Teaching, Promoting, Cheering UX and SEO Since 2002

User Experience Supports Findabilty and Usability

I’m always asked how to explain web site usability and why a site owner should bother investing in user experience design. What would make an impact on users?

Understanding, in-depth, who web site visitors are is a good place to start.

When we use the Web, we agree to an Internet, computer based experience. We may spend so much time with the journey itself that we never reach our destination. User experience design aids and supports findabilty and usability.

Consider what happened when manufacturing replaced people with machines. In doing so, we lost the unseen energy, care and detailed craftsmanship that a skilled human puts into making something. To get a car that has custom work done to it costs a small fortune because people put their sweat and soul into the work. Robots have no soul. Machine-built furniture, cars, food and machine parts are no longer built for the enjoyment and satisfaction of others when mass produced. Even planting fields of wheat, soybeans and corn has been automated. No human fingers touch the dirt when planting seeds.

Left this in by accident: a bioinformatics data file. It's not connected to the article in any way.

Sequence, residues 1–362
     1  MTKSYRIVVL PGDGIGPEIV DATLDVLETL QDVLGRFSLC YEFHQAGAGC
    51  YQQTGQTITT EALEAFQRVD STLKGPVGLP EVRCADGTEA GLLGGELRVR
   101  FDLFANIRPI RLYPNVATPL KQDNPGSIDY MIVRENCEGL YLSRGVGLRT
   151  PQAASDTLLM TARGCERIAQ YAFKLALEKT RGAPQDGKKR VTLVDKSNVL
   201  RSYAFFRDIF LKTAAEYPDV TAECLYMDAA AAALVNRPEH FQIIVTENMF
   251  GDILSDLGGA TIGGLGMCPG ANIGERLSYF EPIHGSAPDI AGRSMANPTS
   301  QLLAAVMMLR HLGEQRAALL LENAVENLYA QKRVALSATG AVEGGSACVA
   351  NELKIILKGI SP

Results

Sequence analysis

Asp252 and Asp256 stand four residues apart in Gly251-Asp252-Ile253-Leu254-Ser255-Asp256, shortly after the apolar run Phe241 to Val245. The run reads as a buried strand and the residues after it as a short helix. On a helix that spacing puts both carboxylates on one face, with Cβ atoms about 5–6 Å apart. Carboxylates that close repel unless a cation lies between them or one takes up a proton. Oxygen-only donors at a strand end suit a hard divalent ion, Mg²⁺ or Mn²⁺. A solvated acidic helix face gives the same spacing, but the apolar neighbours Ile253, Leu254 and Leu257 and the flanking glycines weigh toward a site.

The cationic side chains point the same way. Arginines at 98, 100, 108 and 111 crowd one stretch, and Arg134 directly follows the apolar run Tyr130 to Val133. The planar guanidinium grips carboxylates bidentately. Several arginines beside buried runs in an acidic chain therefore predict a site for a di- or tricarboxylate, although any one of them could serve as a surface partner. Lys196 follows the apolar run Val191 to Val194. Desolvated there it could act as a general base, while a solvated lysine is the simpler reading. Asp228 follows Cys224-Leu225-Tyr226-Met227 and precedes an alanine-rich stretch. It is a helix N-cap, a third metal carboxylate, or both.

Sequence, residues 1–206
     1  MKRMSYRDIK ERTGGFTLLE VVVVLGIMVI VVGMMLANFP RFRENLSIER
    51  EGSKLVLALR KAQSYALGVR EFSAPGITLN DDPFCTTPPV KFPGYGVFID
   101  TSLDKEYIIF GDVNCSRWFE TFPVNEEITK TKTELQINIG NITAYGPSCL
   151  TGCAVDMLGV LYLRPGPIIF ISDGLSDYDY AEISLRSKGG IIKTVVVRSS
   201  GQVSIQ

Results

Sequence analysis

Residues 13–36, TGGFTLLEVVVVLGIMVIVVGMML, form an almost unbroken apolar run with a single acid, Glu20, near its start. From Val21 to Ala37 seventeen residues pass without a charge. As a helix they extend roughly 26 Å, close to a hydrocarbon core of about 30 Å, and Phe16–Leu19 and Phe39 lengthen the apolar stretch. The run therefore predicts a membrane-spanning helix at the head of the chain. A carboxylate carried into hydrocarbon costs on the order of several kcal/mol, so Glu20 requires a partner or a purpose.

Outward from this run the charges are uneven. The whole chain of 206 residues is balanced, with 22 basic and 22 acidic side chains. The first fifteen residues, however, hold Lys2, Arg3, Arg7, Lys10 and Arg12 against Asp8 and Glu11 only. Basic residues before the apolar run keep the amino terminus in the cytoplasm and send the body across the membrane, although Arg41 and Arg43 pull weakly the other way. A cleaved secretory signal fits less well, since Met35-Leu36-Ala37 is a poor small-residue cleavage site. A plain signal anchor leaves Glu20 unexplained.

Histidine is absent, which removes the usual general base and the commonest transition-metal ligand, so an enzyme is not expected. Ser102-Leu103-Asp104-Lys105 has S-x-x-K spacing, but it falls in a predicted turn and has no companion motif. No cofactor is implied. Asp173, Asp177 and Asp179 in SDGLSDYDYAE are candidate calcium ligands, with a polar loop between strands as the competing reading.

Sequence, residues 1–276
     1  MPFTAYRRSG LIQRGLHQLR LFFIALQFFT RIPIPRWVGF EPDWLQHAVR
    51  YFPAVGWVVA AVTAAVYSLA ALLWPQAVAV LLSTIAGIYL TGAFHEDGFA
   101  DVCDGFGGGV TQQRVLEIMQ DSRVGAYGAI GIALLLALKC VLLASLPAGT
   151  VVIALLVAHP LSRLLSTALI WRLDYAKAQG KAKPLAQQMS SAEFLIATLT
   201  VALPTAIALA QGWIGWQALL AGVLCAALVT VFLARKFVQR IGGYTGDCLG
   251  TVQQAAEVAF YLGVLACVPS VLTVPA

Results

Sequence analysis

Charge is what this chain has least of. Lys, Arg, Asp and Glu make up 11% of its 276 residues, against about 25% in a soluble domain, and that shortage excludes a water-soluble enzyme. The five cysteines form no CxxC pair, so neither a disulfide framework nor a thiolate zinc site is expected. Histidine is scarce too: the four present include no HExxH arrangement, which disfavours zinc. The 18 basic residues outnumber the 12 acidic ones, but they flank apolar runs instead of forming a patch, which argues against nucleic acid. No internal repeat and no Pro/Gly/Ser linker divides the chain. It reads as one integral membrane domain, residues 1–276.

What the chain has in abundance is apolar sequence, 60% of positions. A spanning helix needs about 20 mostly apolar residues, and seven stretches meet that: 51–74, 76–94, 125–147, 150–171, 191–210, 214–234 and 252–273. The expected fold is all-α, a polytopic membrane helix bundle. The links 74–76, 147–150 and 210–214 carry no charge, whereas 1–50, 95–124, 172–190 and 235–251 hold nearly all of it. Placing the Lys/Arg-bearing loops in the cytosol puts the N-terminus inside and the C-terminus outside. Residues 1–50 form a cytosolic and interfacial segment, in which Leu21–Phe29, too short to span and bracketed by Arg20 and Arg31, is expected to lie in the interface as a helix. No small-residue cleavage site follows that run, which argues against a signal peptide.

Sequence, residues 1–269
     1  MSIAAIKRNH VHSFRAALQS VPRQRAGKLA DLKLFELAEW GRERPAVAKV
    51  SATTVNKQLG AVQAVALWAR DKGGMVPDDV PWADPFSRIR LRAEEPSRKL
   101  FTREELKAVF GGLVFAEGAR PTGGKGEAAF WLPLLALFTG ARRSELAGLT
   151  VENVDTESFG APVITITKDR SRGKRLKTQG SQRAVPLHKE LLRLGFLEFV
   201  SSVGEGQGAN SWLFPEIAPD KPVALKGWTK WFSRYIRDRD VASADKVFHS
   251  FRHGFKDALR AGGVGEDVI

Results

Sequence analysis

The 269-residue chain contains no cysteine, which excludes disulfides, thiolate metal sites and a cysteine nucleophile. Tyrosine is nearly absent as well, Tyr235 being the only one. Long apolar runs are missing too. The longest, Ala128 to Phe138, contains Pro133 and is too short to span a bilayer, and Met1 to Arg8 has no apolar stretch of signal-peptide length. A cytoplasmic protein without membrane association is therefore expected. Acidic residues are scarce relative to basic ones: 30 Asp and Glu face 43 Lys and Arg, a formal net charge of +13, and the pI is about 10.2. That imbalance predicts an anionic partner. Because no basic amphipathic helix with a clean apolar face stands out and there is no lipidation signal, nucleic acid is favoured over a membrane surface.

Site owners are more or less completely unaware of their online customers’ experience or their desires, especially those who buy plug and play templates. They look at the layout and navigation and figure if it takes someone from point A to B, it works. There is no consideration for the user experience itself. People can sense an empty web site space, devoid of any interest in a pleasurable human response. In many instances, the only activity that even matters is whether or not a search engine will find the pages.

A truly usable web site is a fluid, almost living entity. It’s expected to grow, convert traffic to sales, be crawled by search engine bots, be ranked and found in search engines and be talked about. Machines can be programmed to follow certain code to get what they need from web pages. But you and I are feeling, flesh skinned, impressionable people. Our environments and computer models vary, as do our ages and ability to see, hear and think.

We come to the Web knowing it will be a journey. We come knowing that for every action we take on a web site, that same action will likely be handled differently on a different web site with a different design. We pick and choose sites which offer the best user experience.

We are not machines.

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